Justin Peck: A Choreography Role Model for the Millennial Generation

imageBeing a dancer takes sacrifice, while being a choreographer takes vulnerability.  The documentary “Ballet 422” explores the development of twenty-five year old Justin Peck’s ballet creation “Paz de La Jolla.”  In 2013, within two months, he set New York City Ballet’s 422nd creation to a musical composition from 1935 by Bohuslav Martinu.  The ballet featured three company elite principal dancers (Tiler Peck, Sterling Hyltin, and Amar Ramasar) along with a 15-member corps.  Peck explores a contemporary ballet style with constant fluidity and directional changes.  His style, movement quality, and confidence reminds me of Jerome Robbins’ work where he intertwines movement within a story while bringing the audience deeper into the musicality of the composition.  Peck uses every beat from the quick sound of the violins to the strong brass blows that brings the piece of music truly alive.  His attention to detail and specifics from hand placement to body angles for a lift shows his ability to create strong work like Balanchine.

Peck had a modest start in dance training in tap at age 9.  It wasn’t until he was 13 years old that he started training in Ballet after he saw an American Ballet Theater performance of “Giselle” that inspired him.  At 15, he moved to New York City to study at the School of American Ballet where he ultimately joined the New York City Ballet as an apprentice in 2006 at 18.  From there, Peck rose through the ranks.  In 2007, he became a member of the corps, and as he continued to choreograph and dance his career flourished, and in 2013 he received the title of soloist.

As a choreographer, Peck produced his first Ballet in 2008.  He found success in the Company’s Choreographic Institute.  In 2013, when the documentary was created, he was commissioned to create the only new Ballet of that year for the winter season at 25 years old.  Now at 28, Justin Peck is a soloist at the New York City Ballet and has become one of the most requested choreographers in the Ballet world.  In 2014, he was appointed Resident Choreographer of the NYCB; only the second person in the history of the NYCB’s 68 year institution to hold such a title.  Peck has choreographed 25 works for companies all over the world such as San Francisco Ballet, Pacific Northwest Ballet, Miami City Ballet, LA DanceProject, and the Paris Opera Ballet. His choreographic work – “Rodeo: Four Dance Episodes” was award in 2015 with a Bessie for outstanding production.  His focus for the work was about finding a balance between athletics and artistry.  It was primarily an all male cast with men partnering men. It explored that aspect of the men being the center of attention instead of the women, which was a refreshing view considering other Ballet casting structure.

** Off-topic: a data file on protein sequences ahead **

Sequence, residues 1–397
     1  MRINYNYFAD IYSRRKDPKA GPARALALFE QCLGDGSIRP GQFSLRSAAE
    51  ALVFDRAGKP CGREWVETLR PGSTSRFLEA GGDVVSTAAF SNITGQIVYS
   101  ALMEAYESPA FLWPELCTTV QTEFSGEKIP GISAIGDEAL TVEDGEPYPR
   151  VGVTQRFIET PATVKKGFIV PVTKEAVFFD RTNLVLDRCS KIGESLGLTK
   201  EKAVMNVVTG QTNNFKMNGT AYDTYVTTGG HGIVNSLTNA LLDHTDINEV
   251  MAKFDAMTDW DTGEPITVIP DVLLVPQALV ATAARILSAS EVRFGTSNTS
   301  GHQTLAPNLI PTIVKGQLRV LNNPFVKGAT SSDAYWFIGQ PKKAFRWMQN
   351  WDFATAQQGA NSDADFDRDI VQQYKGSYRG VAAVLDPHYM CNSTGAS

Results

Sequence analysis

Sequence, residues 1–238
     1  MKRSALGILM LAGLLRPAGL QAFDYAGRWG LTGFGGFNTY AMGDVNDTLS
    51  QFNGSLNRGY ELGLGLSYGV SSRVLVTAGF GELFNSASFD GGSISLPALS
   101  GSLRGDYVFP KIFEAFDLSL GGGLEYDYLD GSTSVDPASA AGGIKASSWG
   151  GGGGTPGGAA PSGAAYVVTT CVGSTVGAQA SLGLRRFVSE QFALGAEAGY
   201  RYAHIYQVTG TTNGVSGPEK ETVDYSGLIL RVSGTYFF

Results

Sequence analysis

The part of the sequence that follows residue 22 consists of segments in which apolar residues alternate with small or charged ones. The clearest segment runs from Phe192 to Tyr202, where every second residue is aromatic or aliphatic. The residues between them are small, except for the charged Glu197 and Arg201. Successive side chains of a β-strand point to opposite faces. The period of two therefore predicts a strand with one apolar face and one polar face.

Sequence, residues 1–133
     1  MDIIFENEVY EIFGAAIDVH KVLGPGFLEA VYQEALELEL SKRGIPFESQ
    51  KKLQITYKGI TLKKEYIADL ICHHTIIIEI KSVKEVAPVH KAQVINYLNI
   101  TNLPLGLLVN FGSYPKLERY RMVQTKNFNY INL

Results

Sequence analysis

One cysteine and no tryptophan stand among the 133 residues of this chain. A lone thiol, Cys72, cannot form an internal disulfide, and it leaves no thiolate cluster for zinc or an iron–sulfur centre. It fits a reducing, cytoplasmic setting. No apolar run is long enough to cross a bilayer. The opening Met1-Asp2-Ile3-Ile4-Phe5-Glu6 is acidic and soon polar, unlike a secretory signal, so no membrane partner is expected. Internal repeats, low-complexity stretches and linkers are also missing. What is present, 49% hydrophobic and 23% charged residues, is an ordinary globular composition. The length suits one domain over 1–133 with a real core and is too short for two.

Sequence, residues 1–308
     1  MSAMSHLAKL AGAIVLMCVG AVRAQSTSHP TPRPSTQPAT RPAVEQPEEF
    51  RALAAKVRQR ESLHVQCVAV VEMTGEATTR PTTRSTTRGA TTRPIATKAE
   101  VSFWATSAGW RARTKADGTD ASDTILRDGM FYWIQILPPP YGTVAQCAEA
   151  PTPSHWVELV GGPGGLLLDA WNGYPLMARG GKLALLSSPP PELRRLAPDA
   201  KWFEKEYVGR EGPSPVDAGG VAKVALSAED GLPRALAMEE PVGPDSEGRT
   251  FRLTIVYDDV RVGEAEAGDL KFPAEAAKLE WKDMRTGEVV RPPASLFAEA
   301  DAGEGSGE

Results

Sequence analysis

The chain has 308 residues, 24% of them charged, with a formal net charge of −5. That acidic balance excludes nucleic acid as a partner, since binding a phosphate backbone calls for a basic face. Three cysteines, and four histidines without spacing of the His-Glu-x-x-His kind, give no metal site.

The documentary “Ballet 422” brought the audience into a behind the scenes peek at a young choreographer as his career was beginning to explode.  Unlike most documentary, there was no interviews with any of the members of the production.  The viewer saw the the blood, sweat, and tears that went into “Paz de la Jolla” without verbal interjection.  Seeing Peck develop the work through movement studies in the studio alone as he sketched out formations and movement phrases showed that artists truly need time away from others to be creative.  Many artists are all about control, but Peck seemed to understand that it is important to let others interject in the creative process as it makes the work better as a whole from the costume designers to the dancers.  He seems to have an open forum for the people he works with that makes him approachable as the work is developed in a collaborative atmosphere.

Justin Peck is a forward thinker. Someone who thinks outside the box as a choreographer, dancer, and collaborator, which makes him push the boundaries as an artist.  Mikhail Baryshnikov said, “I found that dance, music, and literature is how I made sense of the world…it pushed me to think of things bigger than life’s daily routines…to think beyond what is immediate or convenient.”  Watching the end of the documentary as you see Peck walk away and preparing to dance after watching his piece on stage, I imagine that the wheels never stop turning for someone who is multi-talented from development to artistic you need consistent evolution.

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